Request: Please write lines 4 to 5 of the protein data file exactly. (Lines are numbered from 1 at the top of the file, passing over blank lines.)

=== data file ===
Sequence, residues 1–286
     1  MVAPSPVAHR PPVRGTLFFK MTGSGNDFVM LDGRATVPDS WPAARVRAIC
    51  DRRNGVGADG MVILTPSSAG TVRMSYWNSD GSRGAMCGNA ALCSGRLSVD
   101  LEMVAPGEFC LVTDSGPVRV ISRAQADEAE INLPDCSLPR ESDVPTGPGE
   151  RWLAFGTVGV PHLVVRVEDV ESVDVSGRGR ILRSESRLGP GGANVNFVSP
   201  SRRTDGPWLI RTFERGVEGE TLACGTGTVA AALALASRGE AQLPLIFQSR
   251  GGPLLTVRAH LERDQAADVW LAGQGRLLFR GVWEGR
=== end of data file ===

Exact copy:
   101  LEMVAPGEFC LVTDSGPVRV ISRAQADEAE INLPDCSLPR ESDVPTGPGE
   151  RWLAFGTVGV PHLVVRVEDV ESVDVSGRGR ILRSESRLGP GGANVNFVSP